So, let’s try again.

Coyne writes that “A Genre is a label that tells the reader/audience what to expect. Genres simply manage audience expectations. It’s really that simple. Don’t let the French etymology and pronunciation scare you.”

We’d all like to be appreciated for the unique person each of us is but that’s really too much to ask.

Most people don’t have the time or the interest in understanding someone else all that much.

Eleanor Roosevelt said ““You wouldn’t worry so much about what others think of you if you realized how seldom they do.”

In storytelling the point of genre is to help readers quickly select what they really want to read.

When I have some free time, for example, I read thrillers – books with action and very little real thinking.

It’s the opposite of the kind of stuff I read most of the time – and so it’s a welcome distraction.

Genre is everywhere – it’s really just a form of classification and if you want to be a member of a particular profession you need to learn the genre conventions that apply.

Not in a vague, theoretical sense but in a practical, applicable sense.

With stories, for example, Coyne talks about time, reality, content, structure and style.

Music has genres – from folk to jazz and beyond.

The hardest part for someone looking to stand apart from the crowd and be recognised for their individual and singular contribution is realising that they have to start by picking a crowd to join.

In the beginning, life is about which box you fit into.

In order to be accepted into a group you need to be similar to other members of the group.

If you’ve had the misfortune of having boxes full of microplastic beads you’ll know what happens when the colours get mixed up.

Having red pieces mixed in with the blue beads means you have to get the tweezers out and rearrange things.

It’s like that with most things in life.

You’re probably going to notice things that are out of place – and reject them.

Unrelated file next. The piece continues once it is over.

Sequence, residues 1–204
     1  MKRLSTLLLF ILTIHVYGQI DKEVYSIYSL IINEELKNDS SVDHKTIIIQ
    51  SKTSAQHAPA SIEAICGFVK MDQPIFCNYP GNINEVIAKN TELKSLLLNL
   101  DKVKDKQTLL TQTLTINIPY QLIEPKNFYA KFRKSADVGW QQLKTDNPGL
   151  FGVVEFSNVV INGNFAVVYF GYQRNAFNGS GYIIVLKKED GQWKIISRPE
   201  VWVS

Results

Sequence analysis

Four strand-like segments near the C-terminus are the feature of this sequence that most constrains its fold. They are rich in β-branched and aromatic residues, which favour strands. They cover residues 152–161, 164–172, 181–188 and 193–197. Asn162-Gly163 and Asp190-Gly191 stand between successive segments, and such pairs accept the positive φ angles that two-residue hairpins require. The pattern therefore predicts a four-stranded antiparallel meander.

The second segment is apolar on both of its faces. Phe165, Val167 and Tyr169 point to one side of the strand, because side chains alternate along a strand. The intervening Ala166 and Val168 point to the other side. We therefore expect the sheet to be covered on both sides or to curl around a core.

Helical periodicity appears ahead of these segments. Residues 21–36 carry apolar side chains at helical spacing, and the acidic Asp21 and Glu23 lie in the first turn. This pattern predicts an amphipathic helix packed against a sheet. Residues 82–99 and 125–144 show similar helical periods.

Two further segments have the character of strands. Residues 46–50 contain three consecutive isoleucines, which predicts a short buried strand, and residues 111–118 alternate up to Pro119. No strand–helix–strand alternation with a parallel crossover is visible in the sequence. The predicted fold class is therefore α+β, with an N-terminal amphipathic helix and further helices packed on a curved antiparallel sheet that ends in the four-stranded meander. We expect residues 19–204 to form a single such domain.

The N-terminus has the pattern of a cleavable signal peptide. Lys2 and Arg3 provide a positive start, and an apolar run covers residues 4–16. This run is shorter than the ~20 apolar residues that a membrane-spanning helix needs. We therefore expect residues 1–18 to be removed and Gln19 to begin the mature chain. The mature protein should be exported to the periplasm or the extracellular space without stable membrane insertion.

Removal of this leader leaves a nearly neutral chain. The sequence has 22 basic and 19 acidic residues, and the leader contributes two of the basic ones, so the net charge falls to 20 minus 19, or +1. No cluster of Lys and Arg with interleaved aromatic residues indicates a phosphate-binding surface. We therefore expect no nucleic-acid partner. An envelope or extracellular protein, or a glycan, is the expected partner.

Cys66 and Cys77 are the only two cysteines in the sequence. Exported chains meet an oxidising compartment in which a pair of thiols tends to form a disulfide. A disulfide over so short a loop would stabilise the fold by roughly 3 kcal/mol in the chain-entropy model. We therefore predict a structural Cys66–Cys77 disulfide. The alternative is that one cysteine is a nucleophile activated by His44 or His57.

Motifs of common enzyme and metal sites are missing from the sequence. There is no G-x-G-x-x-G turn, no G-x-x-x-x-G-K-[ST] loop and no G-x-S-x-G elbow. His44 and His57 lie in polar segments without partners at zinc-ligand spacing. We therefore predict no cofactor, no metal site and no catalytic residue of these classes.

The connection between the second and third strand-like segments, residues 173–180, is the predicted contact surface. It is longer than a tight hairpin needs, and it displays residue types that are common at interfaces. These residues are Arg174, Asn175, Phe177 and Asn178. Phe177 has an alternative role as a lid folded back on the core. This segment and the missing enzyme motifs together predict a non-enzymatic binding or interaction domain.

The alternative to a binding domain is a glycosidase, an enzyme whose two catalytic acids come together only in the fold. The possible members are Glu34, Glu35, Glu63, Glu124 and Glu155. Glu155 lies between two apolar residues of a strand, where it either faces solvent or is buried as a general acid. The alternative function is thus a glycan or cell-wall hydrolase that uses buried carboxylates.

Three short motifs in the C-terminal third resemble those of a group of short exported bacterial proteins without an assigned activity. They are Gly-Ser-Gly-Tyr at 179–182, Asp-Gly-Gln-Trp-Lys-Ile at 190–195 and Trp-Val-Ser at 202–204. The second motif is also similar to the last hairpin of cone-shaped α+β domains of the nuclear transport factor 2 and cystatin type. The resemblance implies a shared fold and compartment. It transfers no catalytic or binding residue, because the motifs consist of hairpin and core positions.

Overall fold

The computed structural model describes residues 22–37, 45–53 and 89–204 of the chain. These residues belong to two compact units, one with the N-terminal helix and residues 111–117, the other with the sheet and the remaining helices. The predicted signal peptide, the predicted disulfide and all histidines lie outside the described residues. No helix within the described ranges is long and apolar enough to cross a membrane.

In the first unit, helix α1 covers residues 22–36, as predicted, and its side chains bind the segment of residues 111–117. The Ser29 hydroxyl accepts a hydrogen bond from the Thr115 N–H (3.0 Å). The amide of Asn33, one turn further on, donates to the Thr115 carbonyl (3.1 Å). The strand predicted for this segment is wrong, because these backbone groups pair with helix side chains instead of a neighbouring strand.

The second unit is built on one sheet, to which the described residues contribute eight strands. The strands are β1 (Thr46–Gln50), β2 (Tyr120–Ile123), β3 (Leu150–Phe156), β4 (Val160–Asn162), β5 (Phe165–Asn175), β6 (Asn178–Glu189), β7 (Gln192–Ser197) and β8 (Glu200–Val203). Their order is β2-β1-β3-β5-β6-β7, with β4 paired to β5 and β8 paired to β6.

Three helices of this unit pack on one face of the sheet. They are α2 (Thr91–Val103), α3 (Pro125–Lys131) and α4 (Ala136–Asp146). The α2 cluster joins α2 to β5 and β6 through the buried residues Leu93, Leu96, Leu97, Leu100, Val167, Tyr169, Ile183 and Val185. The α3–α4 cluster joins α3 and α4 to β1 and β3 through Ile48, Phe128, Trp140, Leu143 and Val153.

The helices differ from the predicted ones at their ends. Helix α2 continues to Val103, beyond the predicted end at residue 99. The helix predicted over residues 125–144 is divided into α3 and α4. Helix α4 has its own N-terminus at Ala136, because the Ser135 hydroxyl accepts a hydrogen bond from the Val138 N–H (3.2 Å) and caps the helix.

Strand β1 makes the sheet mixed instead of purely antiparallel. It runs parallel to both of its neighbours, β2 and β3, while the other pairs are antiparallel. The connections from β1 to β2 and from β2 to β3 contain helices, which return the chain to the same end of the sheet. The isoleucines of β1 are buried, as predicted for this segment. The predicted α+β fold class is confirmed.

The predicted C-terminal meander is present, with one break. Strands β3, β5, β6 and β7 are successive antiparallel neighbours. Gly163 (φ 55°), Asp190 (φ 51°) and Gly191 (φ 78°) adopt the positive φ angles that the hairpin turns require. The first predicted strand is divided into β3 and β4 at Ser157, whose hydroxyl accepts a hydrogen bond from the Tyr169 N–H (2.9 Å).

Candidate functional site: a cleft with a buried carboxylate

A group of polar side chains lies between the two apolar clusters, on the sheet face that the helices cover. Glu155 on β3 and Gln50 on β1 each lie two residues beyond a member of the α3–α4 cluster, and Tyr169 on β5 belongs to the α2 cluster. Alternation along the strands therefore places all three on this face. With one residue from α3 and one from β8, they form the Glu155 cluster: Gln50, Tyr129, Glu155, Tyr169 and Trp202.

Now – does that mean you should change the way you are to fit in?

It really depends on what you’re trying to do.

For example, if you’re starting a business it makes sense to think about whether your business model fits into a particular genre.

Some businesses are about freelancing. Others might be capital intensive or revolve around a brand identify.

The ability of a business model to deliver what you want is constrained by the characteristics of its genre.

A freelance business is unlikely to make you a millionaire while running a large corporation is unlikely to give you the time to spend six months writing a book on insect psychology.

Of course, none of this is new stuff.

I wrote a few years ago about the five ways your business can increase its earnings.

And this concept becomes really simple when you think in terms of biology.

A baby buffalo that is separated from the herd is the one the lioness takes down.

The secret to survival is to stay in the middle of the herd until you’re big and strong enough to face off a lioness.

First fit in.

Then, when you’re secure, stand out.


Karthik Suresh

What Does It Take To Create Something Useful AND Good?


Monday, 9.55pm

Sheffield, U.K.

You must exorcise the evil proprietary operating systems from all your computers, and then install a wholly [holy] free operating system. And then you must install only free software on top of that. If you make this commitment and live by it, then you too will be a saint in the Church of Emacs, and you too may have a halo. – Richard Stallman

Do you work best alone or with others?

Do you have a point of view that is balanced or at one extreme or another?

Are you an activist or someone that just wants to get on with the day to day jobs that need to be done?

I recently found my installation disks for Red Hat GNU/Linux from 1999.

The reason we have the choice of systems and software technology that powers so much of the Internet is because of the work done by a small number of people.

And, along the way, we sometimes forget the lessons of history.